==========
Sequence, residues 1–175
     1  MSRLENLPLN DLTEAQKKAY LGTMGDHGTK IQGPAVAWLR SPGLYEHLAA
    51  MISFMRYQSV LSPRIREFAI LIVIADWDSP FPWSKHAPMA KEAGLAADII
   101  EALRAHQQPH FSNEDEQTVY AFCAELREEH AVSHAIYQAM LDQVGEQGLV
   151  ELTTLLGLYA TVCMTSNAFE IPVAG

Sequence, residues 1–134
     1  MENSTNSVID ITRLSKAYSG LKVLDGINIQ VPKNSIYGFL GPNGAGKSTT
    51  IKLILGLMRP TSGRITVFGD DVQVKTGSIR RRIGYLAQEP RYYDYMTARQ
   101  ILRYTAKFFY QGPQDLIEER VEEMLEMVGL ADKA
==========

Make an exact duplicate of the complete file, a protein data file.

Sequence, residues 1–175
     1  MSRLENLPLN DLTEAQKKAY LGTMGDHGTK IQGPAVAWLR SPGLYEHLAA
    51  MISFMRYQSV LSPRIREFAI LIVIADWDSP FPWSKHAPMA KEAGLAADII
   101  EALRAHQQPH FSNEDEQTVY AFCAELREEH AVSHAIYQAM LDQVGEQGLV
   151  ELTTLLGLYA TVCMTSNAFE IPVAG

Sequence, residues 1–134
     1  MENSTNSVID ITRLSKAYSG LKVLDGINIQ VPKNSIYGFL GPNGAGKSTT
    51  IKLILGLMRP TSGRITVFGD DVQVKTGSIR RRIGYLAQEP RYYDYMTARQ
   101  ILRYTAKFFY QGPQDLIEER VEEMLEMVGL ADKA